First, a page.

What is 'Underpricing'

Underpricing is the listing of an initial public offering (IPO) below its market value.  When the offer price of a stock is lower than the price of the first trade, the stock is considered to be underpriced. Typically, a stock is temporarily underpriced because demand will eventually drive it toward its intrinsic value.

BREAKING DOWN 'Underpricing'

An Initial Public Offering (IPO) is the initial offering of stock to the public by a company seeking to raise capital for funding and future growth.  When a company first offer shares to the public, they hope to price them as high as is possible, thereby raising the most capital. Banks and others who are submitting the shares to the floor aim for lower prices. They hope to sell as many shares as is possible, thereby increasing the flow of shares and their profit from trading expenses. Determining the offering price includes many factors with quantitative factors considered first.

Underpricing Quantitative Factors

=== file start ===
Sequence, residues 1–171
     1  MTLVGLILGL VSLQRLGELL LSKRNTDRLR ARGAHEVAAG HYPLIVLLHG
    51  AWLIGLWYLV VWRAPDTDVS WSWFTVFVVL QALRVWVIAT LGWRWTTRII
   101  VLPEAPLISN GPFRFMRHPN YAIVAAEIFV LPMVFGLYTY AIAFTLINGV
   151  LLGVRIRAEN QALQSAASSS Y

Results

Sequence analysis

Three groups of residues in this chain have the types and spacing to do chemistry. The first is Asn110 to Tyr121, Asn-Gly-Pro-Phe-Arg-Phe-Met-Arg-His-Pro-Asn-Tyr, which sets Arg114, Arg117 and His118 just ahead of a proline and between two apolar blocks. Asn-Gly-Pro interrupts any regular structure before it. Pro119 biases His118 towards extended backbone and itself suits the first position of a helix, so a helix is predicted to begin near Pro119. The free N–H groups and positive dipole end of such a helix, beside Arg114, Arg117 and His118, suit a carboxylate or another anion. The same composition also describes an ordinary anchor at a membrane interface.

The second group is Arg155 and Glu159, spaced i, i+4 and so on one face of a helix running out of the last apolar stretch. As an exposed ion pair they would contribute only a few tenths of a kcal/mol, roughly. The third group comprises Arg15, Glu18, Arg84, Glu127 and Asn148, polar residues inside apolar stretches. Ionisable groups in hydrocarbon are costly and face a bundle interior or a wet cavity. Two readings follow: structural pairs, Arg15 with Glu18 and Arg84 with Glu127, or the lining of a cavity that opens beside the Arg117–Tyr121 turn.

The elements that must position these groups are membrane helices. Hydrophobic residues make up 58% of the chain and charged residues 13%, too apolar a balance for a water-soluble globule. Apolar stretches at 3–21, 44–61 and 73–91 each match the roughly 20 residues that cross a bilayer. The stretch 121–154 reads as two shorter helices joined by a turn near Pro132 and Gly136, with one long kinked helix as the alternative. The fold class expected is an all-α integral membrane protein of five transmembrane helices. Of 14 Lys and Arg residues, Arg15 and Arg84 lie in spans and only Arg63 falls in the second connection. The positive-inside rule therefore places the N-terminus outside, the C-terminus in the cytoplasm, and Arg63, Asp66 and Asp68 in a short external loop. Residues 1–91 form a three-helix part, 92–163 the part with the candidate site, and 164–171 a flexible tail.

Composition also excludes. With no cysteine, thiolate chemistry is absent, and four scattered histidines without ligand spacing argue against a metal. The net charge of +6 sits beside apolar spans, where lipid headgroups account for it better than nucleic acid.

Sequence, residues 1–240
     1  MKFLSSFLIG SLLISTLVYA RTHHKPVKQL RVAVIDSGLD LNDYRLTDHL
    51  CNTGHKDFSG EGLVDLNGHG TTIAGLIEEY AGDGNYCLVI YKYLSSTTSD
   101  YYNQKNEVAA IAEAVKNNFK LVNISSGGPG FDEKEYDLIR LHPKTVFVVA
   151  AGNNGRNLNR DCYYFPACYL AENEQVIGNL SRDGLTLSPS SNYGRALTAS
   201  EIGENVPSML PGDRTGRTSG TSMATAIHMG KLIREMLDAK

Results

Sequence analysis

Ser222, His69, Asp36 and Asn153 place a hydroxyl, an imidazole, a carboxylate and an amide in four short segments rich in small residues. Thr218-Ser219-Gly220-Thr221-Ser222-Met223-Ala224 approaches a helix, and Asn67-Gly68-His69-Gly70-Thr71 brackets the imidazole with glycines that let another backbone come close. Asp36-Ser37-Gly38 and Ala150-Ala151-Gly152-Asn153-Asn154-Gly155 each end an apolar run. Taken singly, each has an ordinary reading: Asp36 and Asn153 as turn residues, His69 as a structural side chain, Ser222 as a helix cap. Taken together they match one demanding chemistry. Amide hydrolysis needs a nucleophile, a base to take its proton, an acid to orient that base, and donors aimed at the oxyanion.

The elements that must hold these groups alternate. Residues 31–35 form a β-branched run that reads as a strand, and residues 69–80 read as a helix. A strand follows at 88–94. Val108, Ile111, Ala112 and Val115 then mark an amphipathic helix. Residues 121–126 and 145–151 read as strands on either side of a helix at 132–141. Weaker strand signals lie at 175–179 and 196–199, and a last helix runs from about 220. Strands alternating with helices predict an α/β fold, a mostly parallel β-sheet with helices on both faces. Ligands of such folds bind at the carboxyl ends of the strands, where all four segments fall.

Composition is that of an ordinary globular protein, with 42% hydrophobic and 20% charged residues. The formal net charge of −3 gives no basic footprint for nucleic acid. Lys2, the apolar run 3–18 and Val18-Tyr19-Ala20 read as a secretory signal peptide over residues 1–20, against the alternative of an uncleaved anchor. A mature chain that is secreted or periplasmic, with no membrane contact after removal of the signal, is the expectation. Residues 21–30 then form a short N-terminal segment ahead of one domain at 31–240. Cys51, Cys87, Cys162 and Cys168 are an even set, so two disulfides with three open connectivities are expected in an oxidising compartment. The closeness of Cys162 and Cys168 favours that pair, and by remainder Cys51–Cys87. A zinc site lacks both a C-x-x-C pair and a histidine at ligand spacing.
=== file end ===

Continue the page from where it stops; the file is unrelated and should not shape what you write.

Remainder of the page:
Quantitative factors include reviewing the financials of the firm bringing the IPO. During this phase, bankers will analyze a firm’s sales, expenses, earnings, and cash flow.  A company’s earnings and expected earnings growth are fundamental aspects of the IPO price. In general, a company will typically trade at a price-to-earnings (P/E) multiple that is comparable to its peers in the industry. The price-to-earnings multiple serves as a basis for valuing the IPO price.

IPO Price

Marketability in a specific industry and the general market also drive the price of an IPO. For example, an expected high demand for the product or general high demand for the IPO market will influence the price. 

Once investment bankers or IPO underwriters determine the price, the company markets the IPO before its first day of trading.  Some reason IPOs are underpriced because of concerns with liquidity and uncertainty about the level at which the stock will trade.